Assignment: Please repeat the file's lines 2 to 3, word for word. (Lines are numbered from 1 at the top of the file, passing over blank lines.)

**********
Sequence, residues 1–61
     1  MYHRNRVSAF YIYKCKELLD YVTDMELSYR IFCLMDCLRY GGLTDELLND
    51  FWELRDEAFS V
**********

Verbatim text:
     1  MYHRNRVSAF YIYKCKELLD YVTDMELSYR IFCLMDCLRY GGLTDELLND
    51  FWELRDEAFS V